The price of a share of stock at any given time is determined by supply and demand, or how many people are willing to buy or sell shares of that stock at any specific price point. As various factors influence investors to buy or sell the stock of a particular company, the price of the stock can change rapidly. Understanding the factors that cause investors to buy or sell shares of stock can help you determine whether to buy, sell, or hold on to shares of your own stock, helping you to minimize losses and maximize returns.
A stock price can be influenced by a variety of factors, ranging from earnings reports and interest rates to general market sentiment.
Understanding Earnings Reports
The U.S. Securities and Exchange Commission requires all publicly traded companies to release an earnings report four times each year. This report specifies how much the company has earned or loss over the previous quarter. Stronger-than-expected earnings can increase demand for shares of stock, causing prices to go up. When earnings are lower than expected, or the company experiences a loss, investors often sell their shares, causing prices to go down.
Impacts on the Economy
When the country experiences a recessionary period, consumers have less money to spend on everyday purchases. As a result, companies that make items like cars or electronics earn less money, resulting in lower earnings. These lower earnings have a two-fold effect on stock prices: Low earnings reduce demand for shares of stock, but also indicate that the company has less money to invest in the future. Without the prospect of future growth to entice investors, demand for the stock will decline, causing a decrease in stock price.
A thriving economy has the opposite effect on stock prices. When people have more money to spend, manufacturers experience greater demand for their products, leading to higher earnings. This entices investors to buy shares, and may also lead the company to expand its operations, resulting in higher potential for growth in the future. This growth potential often increases demand for stock, leading to an increase in share prices.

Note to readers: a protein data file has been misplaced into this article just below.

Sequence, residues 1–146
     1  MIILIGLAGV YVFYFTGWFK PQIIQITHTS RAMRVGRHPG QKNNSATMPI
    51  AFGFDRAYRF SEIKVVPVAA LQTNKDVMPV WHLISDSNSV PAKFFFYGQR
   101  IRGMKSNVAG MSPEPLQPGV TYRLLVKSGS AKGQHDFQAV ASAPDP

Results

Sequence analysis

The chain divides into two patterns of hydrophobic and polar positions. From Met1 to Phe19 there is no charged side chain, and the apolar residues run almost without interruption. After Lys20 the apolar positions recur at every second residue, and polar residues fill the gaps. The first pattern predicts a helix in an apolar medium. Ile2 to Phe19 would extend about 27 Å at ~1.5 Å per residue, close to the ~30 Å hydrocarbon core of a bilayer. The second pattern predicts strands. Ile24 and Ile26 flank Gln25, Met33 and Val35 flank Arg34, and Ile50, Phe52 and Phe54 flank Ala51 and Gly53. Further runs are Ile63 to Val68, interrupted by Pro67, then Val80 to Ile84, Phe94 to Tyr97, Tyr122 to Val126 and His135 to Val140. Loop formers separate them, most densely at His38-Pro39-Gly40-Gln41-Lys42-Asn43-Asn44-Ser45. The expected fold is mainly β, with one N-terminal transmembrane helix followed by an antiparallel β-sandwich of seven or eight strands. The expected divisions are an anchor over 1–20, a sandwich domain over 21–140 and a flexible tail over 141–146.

Exploring the Effects of Interest Rates
When interest rates are low, companies are more likely to borrow money, which allows them to grow. Such growth makes the stock of a company more attractive to investors, leading to increased demand and a rise in share prices. As interest rates rise, companies tend to borrow less, leading to contraction. With a reduced potential for future growth, demand for the stock goes down, along with its price.
Assessing Energy Prices
Fuel is used to power manufacturing equipment, light factories and warehouses, and deliver goods to stores, so running businesses consumes a great deal of coal, oil and gasoline. Any change in energy prices can have a significant impact on earnings. As energy prices rise, companies may experience greater costs and lower earnings, which can reduce demand for a stock, thus lowering its price. As energy prices fall, expenses fall, resulting in higher earnings and increased stock prices.
Reviewing Analyst Ratings
As financial analysts raise or lower their ratings of a company, this information can cause stock prices to rise and fall based on the reactions of investors. If a prominent analyst upgrades a company, investors may flock to the firm, leading to a rise in stock prices. A downgraded rating can cause investors to sell shares, leading to lower share prices.
While analyst ratings are determined by a wide host of factors, their ratings are often based on news that impacts a company. For example, an analyst may upgrade a drug company that has just patented a new life-saving drug. If this drug is superior to any products offered by the company's competitors, analysts may offer a downgraded rating for these competitors.
Emily Beach works in the commercial construction industry in Maryland. She received her LEED accreditation from the U.S. Green Building Council in 2008 and is in the process of working towards an Architectural Hardware Consultant certification from the Door and Hardware Institute. She received a bachelor's degree in economics and management from Goucher College in Towson, Maryland.